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This institute dates back to a 1997 workshop for educators sponsored by the National Endowment for the Humanities. In 2013, the organization merged with the Council of Federated Organizations, an organization that has coordinated the activities of multiple civil rights organizations since its founding in 1961. COFO has had its headquarters in this office since 1963, coordinating the activities of the Mississippi Freedom Summer from this small office.

  • Hamer is famous for her oft-repeated quote: "I'm sick and tired of being sick and tired," which was part of a speech she delivered alongside Malcolm X at the Williams Institutional CME Church in Harlem on Dec. 20, 1964.
  • The COFO office has been a center of civil rights activism since its establishment at this location in 1963.
  • The significance of the COFO office was recognized with this historical marker, located right next to what is now the Fannie Lou Hamer National Institute on Citizenship and Democracy at COFO.
Fannie Lou Hamer was among the most significant participants in the struggle launched in the latter half of the twentieth century to achieve freedom and social justice for African Americans. Born October 6, 1917, in Montgomery County, Mississippi, Fannie Lou Hamer was the last of the twenty children of Lou Ella and James Townsend. They were sharecroppers, and since sharecropping generally bound workers to the land (a form of peonage), most sharecroppers were born poor, lived poor, and died poor. For black sharecroppers in Mississippi, any attempt to challenge that situation through voting meant risking one's life with little chance of success as African Americans were barred from registering despite the Constitutional guarantees provided by the 15th and 19th Amendment. 
At age six, Fannie Lou joined her parents in the cotton fields. By the time she was twelve, she was forced to drop out of school and work full time to help support her family. At age 27 she married another sharecropper named Perry “Pap” Hamer. 
 In August 1962, Mrs. Hamer attended a meeting of the Student Nonviolent Coordinating Committee (SNCC) in her hometown, Ruleville, Mississippi. This is where she made the fateful decision to attempt to register to vote. For this decision she was forced by her landlord to leave the plantation where she worked. In June the following year, she and several SNCC colleagues were brutally beaten in a Winona, Mississippi jail by law enforcement officers. This beating left her blind in  her left eye and her kidneys permanently damaged.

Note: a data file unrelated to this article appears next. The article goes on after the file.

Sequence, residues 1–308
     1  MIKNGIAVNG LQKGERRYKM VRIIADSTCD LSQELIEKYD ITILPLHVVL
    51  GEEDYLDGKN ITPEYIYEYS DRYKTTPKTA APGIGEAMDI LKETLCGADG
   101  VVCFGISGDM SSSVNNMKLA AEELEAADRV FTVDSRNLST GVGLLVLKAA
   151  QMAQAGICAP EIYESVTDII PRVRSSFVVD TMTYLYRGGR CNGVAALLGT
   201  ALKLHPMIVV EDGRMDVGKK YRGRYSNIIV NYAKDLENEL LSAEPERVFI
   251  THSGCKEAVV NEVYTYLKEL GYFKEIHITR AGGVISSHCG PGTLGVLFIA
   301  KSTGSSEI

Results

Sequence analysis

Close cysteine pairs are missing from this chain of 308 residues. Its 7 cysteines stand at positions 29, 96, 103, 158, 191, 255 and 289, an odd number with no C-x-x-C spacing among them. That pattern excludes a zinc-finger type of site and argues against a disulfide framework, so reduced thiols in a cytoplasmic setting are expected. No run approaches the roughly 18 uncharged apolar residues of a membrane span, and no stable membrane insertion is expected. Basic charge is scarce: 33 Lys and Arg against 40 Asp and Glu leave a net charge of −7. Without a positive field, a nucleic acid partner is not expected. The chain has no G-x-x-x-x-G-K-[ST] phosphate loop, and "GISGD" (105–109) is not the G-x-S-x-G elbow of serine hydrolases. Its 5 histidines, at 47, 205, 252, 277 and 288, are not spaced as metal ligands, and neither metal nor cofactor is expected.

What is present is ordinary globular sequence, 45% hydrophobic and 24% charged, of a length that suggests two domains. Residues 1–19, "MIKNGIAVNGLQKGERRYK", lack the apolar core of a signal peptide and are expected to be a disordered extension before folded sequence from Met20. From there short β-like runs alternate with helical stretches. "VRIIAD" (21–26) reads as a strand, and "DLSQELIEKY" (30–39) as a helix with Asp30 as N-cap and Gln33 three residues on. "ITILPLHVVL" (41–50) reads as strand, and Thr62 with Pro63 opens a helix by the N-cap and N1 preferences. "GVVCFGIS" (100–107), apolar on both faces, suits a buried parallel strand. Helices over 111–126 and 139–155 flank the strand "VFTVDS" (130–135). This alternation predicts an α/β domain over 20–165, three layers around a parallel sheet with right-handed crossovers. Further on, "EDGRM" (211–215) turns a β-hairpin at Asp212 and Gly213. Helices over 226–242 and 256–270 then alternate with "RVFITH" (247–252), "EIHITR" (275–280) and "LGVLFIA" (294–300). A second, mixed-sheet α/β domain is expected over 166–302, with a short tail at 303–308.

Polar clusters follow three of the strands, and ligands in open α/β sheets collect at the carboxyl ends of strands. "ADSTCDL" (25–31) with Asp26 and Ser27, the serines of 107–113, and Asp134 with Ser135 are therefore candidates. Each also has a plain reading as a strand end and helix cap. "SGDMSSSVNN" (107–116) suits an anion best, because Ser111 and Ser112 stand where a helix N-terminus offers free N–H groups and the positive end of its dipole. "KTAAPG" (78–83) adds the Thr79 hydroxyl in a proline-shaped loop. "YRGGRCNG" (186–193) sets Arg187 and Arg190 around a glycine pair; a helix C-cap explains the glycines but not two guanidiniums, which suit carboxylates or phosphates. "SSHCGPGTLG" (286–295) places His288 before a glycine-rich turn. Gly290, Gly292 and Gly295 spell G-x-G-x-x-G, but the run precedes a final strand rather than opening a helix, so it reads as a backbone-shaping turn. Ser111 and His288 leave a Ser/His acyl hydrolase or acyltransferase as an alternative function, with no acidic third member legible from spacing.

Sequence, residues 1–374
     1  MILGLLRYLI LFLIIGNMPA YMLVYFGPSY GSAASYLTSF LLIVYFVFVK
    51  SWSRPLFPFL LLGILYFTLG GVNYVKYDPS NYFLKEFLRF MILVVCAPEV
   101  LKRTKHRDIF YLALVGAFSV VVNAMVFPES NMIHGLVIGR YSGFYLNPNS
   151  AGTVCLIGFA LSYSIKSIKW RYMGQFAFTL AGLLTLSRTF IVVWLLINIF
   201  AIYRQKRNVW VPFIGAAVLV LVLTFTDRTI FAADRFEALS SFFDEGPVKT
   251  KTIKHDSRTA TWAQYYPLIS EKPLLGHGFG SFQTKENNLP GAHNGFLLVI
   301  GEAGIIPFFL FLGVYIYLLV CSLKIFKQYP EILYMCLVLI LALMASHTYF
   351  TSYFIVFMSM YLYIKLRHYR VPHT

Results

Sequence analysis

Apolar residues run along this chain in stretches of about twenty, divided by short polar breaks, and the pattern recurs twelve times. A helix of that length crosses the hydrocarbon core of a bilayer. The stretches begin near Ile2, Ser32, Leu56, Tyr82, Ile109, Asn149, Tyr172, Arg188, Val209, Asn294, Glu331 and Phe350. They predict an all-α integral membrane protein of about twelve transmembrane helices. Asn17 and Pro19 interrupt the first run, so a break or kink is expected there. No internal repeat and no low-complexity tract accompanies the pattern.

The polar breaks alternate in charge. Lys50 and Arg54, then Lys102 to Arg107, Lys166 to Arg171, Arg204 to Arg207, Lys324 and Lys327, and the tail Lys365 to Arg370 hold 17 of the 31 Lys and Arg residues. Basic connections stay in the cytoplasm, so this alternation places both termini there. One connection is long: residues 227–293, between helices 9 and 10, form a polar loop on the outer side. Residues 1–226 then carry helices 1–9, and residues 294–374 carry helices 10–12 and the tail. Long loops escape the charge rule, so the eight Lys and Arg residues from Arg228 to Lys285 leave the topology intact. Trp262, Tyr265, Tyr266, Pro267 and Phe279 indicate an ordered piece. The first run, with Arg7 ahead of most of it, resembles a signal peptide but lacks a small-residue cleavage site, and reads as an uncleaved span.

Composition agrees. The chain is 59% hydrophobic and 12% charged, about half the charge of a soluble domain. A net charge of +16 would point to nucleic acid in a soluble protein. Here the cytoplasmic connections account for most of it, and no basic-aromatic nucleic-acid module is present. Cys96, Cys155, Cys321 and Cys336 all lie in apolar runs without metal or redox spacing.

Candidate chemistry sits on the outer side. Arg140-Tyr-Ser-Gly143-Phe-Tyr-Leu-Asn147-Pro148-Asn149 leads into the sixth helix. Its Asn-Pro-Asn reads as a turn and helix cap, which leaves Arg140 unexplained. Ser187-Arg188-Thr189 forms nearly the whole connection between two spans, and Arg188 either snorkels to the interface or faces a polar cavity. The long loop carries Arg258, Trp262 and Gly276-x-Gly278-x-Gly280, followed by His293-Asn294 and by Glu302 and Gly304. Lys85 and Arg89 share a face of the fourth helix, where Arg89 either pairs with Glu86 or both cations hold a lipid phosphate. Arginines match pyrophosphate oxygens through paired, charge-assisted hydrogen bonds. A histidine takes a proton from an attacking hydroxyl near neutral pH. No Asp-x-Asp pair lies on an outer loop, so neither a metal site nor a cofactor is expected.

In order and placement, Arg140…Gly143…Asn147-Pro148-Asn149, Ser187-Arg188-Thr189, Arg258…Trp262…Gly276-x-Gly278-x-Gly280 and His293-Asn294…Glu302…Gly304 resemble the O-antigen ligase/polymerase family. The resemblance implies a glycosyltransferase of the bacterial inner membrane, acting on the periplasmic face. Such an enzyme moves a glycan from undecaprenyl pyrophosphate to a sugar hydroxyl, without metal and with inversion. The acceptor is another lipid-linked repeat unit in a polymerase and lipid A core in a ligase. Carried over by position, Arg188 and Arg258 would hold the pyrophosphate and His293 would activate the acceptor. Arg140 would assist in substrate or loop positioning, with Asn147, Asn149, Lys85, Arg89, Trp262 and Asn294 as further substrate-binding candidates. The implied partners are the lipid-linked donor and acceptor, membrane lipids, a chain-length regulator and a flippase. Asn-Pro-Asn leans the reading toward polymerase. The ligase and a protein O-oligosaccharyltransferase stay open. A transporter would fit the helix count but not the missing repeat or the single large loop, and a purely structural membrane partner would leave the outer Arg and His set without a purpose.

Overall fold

Mrs. Hamer’s historic presence in Atlantic City at the 1964 national convention of the Democratic Party brought national prominence with her electrifying testimony before the convention’s credentials committee. Here, as a representative of the Mississippi Freedom Democratic Party (MFDP) that was formed in April 1964, she sought to prevent the seating of the all-white Mississippi delegation. While this effort failed, the Democratic Party agreed that in the future no delegation would be seated from a state where anyone was illegally denied the vote. Roughly a year later, the 1965 Voting Rights Act was passed. 

After her Atlantic City experience, Mrs. Hamer turned her attention increasingly to building 
strong institutions for addressing problems at the local level. She took an active role in antipoverty programs, especially Head Start, and in 1969 founded the Freedom Farms Corporation, designed to help poor farming families—black and white—become economically self-sufficient; in 1971 she sought to become a Mississippi state senator as an independent.
The Fannie Lou Hamer Institute, together now with the venerable Council of Federated Organizations, works to preserve the legacy of the Voting Rights Act and other measures that insure the functionality and fairness of American democracy. In 2013, however, the United States Supreme Court invalidated the most important sections of that law, opening the door for a return to election laws designed to discourage voting.